03 October 2011

Company car tax can be confusing at the best of times, but it’s a necessary evil. We all have to pay it, so here’s a guide to working out exactly how much BIK you’ll have to pay.

Although online company car tax calculators are useful, they don’t take into account optional extras, which can add significant amounts to your monthly tax bill. The only way to work out exactly what you have to pay for your particular car is to crunch the numbers yourself. With that in mind, here’s how to work out your company car tax.

As an example, let’s take one of the cars on the Parkers long-term test fleet. For this exercise we’ll use the Astra 2.0 CDTi SRI ECOflex.

The first thing you need to know is the P11d value. This is the RRP of the car minus first registration fee and road tax. It does include VAT, delivery and all optional extras. For my Astra the basic P11d price is £22,670, but we've got loads of options on it too which bring the P11d value up to £25,490.

Next, we need to work out which band the car falls into. Taking the CO2 emissions of 119g/km and comparing to the company car tax table here you can see the car sits in the 13% benefit-in-kind threshold.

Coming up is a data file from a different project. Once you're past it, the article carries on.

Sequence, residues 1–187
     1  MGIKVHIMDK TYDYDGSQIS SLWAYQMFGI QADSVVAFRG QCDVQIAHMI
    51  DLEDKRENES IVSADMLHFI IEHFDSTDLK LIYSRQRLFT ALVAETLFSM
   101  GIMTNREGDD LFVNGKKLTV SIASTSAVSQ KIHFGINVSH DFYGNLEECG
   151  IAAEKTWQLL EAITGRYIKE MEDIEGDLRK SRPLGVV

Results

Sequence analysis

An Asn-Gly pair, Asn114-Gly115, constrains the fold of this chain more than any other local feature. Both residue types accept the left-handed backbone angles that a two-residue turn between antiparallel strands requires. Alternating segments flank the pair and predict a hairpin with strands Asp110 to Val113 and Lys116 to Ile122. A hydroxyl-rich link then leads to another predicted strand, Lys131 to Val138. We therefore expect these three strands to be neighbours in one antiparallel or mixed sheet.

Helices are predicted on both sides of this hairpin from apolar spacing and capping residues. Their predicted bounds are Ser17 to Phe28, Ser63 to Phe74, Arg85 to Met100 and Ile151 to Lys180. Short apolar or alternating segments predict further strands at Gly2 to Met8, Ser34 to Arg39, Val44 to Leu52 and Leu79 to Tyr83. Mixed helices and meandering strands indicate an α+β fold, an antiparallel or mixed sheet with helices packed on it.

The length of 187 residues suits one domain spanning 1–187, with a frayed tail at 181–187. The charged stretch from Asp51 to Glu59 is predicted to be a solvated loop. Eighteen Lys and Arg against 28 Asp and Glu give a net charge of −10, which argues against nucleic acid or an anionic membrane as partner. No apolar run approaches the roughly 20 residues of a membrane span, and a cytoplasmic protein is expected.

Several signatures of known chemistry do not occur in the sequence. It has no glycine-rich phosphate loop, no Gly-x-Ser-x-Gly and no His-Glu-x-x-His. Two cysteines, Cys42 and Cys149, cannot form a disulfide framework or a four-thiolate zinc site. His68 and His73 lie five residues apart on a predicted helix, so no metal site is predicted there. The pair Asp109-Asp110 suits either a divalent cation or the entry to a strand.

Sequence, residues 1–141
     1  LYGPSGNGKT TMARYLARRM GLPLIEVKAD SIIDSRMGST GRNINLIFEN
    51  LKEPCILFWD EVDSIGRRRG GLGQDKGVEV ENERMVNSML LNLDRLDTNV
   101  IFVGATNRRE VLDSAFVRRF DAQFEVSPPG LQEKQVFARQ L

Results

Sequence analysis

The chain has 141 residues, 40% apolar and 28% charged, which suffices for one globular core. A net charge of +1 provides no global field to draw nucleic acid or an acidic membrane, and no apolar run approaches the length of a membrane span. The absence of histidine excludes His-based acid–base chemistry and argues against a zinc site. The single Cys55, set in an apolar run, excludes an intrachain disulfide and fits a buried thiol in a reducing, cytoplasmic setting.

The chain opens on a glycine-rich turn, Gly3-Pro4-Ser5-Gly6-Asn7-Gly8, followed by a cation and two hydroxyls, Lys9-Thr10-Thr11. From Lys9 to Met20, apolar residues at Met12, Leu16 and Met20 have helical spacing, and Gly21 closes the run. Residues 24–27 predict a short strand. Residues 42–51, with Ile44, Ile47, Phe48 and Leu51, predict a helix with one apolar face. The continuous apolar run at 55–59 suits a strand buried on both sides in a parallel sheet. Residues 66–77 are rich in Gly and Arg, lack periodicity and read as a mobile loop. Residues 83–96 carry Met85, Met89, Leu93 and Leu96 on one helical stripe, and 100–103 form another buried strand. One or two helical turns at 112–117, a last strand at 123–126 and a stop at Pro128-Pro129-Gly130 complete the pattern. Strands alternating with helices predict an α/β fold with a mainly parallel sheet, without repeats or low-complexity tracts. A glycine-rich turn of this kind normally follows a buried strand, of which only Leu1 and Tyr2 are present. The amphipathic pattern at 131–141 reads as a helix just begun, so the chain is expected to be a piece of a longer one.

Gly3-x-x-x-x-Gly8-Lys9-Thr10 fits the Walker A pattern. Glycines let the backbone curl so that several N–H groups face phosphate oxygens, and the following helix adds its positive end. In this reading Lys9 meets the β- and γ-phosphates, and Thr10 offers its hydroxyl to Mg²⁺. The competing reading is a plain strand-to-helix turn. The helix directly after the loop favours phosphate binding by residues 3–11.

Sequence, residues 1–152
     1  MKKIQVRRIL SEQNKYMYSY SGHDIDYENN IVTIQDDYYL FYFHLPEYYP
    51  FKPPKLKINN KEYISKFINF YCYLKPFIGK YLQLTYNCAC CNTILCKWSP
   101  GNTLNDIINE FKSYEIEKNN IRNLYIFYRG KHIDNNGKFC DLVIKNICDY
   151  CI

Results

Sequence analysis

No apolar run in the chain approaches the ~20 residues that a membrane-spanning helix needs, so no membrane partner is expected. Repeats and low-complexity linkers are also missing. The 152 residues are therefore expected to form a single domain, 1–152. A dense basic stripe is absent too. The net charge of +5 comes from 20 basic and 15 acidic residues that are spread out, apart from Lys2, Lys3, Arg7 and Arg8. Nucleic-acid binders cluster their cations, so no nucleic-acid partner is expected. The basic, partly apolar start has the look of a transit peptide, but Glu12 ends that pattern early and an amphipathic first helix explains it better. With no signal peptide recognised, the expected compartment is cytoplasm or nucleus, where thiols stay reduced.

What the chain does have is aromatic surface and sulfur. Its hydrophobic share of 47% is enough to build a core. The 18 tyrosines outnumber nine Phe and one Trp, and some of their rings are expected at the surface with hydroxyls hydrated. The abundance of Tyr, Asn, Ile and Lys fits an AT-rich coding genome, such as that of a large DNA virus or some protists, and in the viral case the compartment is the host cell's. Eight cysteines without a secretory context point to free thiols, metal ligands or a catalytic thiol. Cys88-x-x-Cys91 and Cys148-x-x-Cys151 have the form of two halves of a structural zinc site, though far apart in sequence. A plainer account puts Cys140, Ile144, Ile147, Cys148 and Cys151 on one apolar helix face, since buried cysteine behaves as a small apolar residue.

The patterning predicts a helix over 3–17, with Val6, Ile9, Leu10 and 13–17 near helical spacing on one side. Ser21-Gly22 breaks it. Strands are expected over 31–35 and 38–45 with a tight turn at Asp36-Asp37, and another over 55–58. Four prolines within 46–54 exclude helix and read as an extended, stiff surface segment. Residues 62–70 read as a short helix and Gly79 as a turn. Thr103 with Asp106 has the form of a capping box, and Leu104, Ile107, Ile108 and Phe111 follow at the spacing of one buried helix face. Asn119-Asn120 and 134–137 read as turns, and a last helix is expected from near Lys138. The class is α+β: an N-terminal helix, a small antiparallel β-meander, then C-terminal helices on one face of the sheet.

So to find out how much tax you pay, simply take the P11d value and times by the percentage. In this case, that's £25,490 x 0.13 = £3313.70

Now you multiply that number by the relevant amount of tax you have to pay. If you earn less than £37,000 you're on the basic rate of 20%. If you earn between £37,001 and £150,000 you're a higher rate payer and pay 40%. Anything above that and you're an additional rate payer and are in for 50%.

So, assuming you’re a 20% tax payer, you'd take £3313.70 x 0.2 = £662.74

We now have the annual tax bill. For monthly amounts simply divide by 12.

£662.74 / 12 = £55.23 per month in company car tax. Not bad value when you compare the same car on a four year PCP scheme could cost around £470 each month.